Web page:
It is very funny how the Araucanas have been rebranded as the Easter Egger. From what I understand its because they lay the different colored eggs, reminiscent of the “Easter Bunny”. I have even heard them called the rainbow layer. That’s kind of misleading if you ask me. Not too sure when the new name actually changed, but your right that is interesting.

      Thanks again for your comment. I always enjoy hearing from you. You always have very interesting tid bits of information that I find fascinating.

      Take care!

      Liked by 1 person

      • The Belmont Rooster · January 24, 2020

        There were at least two National Geographic articles from the 1940’s which I used to have, that talked about the Araucanas. A disease nearly wiped them out and the birds brought back to America didn’t lay colored eggs but eventually a slight tint was discovered. Through selective breeding over many years they started getting olive-colored eggs. Maybe in the 1970’s or 1980’s fanciers started breeding true to color and type so they could exhibit them, so that’s where the name Americana came from. Other names given by hatcheries boils down to selling more chicks. Like the name Cherry Eggers came about. It is simply a production bred Rhode Ialand Red just ike the Production Red. I know about the Cherry Eggers because that name was started at Allen Hatchery right here in Windsor, MO.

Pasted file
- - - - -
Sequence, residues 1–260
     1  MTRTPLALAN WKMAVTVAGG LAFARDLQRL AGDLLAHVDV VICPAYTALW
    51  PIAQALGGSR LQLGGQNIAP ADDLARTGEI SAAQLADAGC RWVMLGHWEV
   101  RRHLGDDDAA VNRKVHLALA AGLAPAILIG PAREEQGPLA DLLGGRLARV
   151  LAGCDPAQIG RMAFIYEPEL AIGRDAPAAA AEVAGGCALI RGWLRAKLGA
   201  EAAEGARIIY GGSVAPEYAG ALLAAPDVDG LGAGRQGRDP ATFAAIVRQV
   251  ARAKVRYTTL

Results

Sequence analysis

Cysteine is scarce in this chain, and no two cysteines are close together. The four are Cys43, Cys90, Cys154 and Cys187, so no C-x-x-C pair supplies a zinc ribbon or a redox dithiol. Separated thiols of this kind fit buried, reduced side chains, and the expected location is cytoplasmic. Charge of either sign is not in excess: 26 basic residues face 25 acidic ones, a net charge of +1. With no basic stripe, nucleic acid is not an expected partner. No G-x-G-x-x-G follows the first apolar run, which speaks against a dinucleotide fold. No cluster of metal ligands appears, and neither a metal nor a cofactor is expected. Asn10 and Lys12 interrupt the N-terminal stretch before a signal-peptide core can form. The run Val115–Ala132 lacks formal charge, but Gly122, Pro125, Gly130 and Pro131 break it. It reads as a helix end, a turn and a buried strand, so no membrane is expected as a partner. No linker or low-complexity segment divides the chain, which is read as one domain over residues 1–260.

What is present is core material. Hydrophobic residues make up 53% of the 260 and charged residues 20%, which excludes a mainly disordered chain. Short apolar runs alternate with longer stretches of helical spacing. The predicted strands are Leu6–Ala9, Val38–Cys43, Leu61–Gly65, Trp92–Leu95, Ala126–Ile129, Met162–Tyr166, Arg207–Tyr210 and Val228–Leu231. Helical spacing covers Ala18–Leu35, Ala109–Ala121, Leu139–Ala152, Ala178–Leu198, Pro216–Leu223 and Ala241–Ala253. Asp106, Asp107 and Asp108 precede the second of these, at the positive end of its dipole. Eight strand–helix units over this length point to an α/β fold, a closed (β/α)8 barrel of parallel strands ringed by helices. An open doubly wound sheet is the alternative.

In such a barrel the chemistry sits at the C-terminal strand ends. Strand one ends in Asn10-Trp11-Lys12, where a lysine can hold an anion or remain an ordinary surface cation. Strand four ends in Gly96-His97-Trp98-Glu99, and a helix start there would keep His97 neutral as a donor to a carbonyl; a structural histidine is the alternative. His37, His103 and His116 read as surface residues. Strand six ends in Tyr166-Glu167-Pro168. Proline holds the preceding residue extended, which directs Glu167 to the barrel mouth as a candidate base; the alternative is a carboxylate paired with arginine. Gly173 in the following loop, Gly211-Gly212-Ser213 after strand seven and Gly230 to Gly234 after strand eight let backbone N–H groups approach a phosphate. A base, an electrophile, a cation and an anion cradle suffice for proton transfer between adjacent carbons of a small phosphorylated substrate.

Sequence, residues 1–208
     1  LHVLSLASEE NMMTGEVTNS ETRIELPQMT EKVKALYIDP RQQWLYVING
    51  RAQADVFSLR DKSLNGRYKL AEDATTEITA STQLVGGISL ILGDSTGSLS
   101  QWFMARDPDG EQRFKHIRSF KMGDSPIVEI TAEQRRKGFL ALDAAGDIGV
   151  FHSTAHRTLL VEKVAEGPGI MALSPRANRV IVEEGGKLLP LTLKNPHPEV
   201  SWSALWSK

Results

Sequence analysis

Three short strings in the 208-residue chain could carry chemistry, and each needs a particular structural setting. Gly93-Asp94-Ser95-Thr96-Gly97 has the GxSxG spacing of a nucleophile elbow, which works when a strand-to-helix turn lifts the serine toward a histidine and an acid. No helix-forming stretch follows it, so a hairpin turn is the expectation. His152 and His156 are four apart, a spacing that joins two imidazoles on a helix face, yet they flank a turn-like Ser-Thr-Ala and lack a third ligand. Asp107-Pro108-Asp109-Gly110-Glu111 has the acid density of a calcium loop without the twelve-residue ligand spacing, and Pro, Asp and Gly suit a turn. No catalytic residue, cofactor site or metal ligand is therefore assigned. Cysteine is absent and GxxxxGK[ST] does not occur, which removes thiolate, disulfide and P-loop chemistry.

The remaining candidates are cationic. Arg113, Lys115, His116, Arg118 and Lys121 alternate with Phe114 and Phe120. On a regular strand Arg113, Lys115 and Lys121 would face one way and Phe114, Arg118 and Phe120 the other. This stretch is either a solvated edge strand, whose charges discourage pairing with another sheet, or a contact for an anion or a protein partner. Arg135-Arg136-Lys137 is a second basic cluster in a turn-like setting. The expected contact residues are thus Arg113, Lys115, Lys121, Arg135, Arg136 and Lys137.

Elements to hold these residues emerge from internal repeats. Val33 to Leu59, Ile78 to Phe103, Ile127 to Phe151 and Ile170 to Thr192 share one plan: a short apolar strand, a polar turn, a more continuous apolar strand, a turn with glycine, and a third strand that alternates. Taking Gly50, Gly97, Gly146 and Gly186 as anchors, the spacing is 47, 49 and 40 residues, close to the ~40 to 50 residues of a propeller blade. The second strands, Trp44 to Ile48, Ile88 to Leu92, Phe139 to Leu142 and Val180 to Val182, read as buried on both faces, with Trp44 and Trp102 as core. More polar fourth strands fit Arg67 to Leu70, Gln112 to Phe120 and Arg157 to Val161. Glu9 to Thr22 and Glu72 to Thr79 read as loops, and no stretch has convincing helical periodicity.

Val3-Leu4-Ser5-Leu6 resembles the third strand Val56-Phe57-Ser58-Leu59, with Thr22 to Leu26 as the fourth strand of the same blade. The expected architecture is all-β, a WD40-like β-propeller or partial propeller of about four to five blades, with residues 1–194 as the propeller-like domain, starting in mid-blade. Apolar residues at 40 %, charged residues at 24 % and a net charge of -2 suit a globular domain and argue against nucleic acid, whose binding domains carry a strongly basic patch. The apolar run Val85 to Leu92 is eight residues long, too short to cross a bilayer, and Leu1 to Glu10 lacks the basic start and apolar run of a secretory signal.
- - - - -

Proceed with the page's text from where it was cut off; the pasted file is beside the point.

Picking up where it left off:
Windsor, rather Henry County, was once known as the hatcery capitol of the world. I had a 1952 yearbook that listed 8 hatcheries in Windsor and 10 in Clinton. I enjoyed working with and hearing stories from some of the pioneers in the business.


      • Noelle K. Moser · January 24, 2020

        I think I either read about or heard about the story your are referencing. Somewhere along their succession line a bird that had the blue egg gene was discovered and through breeding scientists were able to isolate that particular gene and breed them with a common chicken which today are known as the americanas. Although, I do think that the araucanas are still in existence but they are very expensive. So you could say the Americanas are the generic version of the araucanian or something to that effect. Anyway, it is a very interesting story and a testament to how selective breeding can generate fascinating and unique chicken breeds.

        Liked by 1 person